Knicks guard Evan Fournier made an impressive debut against his former team, posting 32 points, six rebounds, four steals and three assists in a double OT victory over the Celtics on Wednesday. Fournier struggled with his shooting in preseason games, but coach Tom Thibodeau wasn’t fazed, according to Zach Brazilier of the New York Post. “I was never worried about him making shots,” he said. “To me, he has proven throughout his career that that is who he is.” Fournier was acquired in a sign-and-trade with his four-year contract worth up to 78MM.
We have more from the Atlantic Division:
- Julius Randle‘s first game after signing a four-year, $117MM extension showed that he’s not resting on his laurels, Ian O’Connor of the New York Post writes. The Knicks forward racked up 35 points, nine assists, and eight rebounds. “Julius had that monster year, got a new contract and all that and he’s hungrier now than last year, which I thought was impossible,” Thibodeau said. “He comes in every night like clockwork. You know he’s going to be in there.” Randle was fined $15K by the league for throwing the ball in the stands at the end of the team’s opening-night win, Brian Mahoney of the Associated Press tweets.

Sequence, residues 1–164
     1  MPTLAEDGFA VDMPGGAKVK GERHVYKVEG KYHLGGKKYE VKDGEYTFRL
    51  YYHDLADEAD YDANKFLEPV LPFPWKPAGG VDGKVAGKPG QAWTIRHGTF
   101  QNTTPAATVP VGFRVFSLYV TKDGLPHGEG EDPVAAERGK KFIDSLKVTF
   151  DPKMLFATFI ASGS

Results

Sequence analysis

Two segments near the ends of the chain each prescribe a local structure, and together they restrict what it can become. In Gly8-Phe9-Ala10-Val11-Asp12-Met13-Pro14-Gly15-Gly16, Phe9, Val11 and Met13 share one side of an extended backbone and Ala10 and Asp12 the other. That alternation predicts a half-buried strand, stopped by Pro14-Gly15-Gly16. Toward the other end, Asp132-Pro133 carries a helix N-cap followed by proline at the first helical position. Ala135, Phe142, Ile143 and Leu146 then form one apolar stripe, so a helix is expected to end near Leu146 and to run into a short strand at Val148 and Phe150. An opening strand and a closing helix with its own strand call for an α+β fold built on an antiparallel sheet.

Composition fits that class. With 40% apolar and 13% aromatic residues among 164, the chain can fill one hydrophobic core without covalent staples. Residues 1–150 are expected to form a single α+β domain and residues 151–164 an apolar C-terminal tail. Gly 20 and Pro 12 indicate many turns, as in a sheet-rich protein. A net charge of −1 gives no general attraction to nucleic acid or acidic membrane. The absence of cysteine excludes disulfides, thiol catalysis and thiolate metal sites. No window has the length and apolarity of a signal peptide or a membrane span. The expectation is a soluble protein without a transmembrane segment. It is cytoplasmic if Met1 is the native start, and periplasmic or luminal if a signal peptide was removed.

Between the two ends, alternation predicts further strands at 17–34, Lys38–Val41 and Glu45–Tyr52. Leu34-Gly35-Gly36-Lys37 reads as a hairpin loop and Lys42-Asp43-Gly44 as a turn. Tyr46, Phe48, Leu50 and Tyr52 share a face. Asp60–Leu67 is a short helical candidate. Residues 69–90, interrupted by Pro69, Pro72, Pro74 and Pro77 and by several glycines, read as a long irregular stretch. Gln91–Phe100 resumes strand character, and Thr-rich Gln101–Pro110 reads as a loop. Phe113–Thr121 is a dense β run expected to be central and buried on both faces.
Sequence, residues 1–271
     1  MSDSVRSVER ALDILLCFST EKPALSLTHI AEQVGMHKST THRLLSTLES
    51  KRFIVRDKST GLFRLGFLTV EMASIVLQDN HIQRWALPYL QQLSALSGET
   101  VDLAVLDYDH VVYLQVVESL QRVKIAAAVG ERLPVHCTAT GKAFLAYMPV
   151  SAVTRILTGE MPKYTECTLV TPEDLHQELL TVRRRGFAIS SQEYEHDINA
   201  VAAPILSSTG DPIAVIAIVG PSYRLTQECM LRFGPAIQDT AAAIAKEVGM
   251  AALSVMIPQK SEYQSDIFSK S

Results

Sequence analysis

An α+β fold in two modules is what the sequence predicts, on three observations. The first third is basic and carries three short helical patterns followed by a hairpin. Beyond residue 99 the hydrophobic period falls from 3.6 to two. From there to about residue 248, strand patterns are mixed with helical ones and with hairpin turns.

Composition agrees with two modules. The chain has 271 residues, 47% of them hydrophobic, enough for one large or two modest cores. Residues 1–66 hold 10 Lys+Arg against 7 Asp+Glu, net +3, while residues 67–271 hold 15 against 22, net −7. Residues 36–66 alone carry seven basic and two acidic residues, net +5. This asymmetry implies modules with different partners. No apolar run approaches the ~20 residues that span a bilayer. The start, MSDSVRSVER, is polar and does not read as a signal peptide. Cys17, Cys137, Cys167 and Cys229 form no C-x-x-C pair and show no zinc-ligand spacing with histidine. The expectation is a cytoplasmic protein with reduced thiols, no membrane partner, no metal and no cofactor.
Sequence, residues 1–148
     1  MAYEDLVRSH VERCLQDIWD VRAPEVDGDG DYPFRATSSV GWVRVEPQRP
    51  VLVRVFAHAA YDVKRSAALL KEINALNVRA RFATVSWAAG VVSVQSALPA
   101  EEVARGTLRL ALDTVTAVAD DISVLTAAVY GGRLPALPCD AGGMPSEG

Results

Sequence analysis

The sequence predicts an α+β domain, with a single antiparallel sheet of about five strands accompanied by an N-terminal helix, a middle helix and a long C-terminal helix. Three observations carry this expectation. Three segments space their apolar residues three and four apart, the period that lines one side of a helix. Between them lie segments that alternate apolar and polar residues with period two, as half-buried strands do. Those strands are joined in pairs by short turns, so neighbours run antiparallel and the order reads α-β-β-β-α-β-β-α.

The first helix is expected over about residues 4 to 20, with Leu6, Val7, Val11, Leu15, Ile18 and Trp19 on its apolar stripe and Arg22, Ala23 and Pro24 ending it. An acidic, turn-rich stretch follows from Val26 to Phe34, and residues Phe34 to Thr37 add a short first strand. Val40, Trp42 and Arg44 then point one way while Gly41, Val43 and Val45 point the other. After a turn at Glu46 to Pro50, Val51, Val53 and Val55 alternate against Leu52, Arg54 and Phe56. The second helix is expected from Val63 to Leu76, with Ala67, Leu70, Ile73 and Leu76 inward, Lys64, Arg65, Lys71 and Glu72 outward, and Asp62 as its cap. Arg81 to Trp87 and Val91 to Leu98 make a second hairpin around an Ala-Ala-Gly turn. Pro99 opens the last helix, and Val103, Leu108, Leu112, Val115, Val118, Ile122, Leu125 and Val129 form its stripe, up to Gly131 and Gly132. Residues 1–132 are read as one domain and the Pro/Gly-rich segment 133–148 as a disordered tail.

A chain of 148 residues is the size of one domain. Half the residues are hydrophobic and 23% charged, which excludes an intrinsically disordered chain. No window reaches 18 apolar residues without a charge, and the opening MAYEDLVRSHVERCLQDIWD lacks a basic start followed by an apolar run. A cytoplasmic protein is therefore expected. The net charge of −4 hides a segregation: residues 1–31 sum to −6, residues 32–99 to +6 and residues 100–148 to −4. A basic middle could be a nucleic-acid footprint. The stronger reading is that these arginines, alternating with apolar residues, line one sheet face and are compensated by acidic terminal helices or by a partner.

- Chinese video-streaming giant Tencent won’t show Celtics games in the foreseeable future after comments made by center Enes Kanter, according to Eva Dou and Lyric Li of the Washington Post. Kanter posted a video voicing his support for Tibetan independence. In response, Tencent cut the live broadcast of Wednesday’s game between the Celtics and the Knicks. Sixers president and former Houston GM Daryl Morey created a firestorm between the Chinese government and the NBA with his public support in 2019 of Hong Kong pro-democracy protestors.
- The Ben Simmons saga with the Sixers even has NFL players in Philadelphia voicing their opinions. Eagles center Jason Kelce said Simmons needs to own up to his shortcomings, ESPN’s Tim McManus writes. “I don’t want to crush any other players, but what’s going on with the 76ers, Ben Simmons, stuff like that, all of that is because of a lack of accountability, a lack of owning up to mistakes and a lack of correcting things,” Kelce said. “If all that got corrected, if you’re fixing free throws, if you’re getting better as a player, none of this is happening. So everybody can b—h and complain about how tough this city is to play in. Just play better, man. This city will love you.”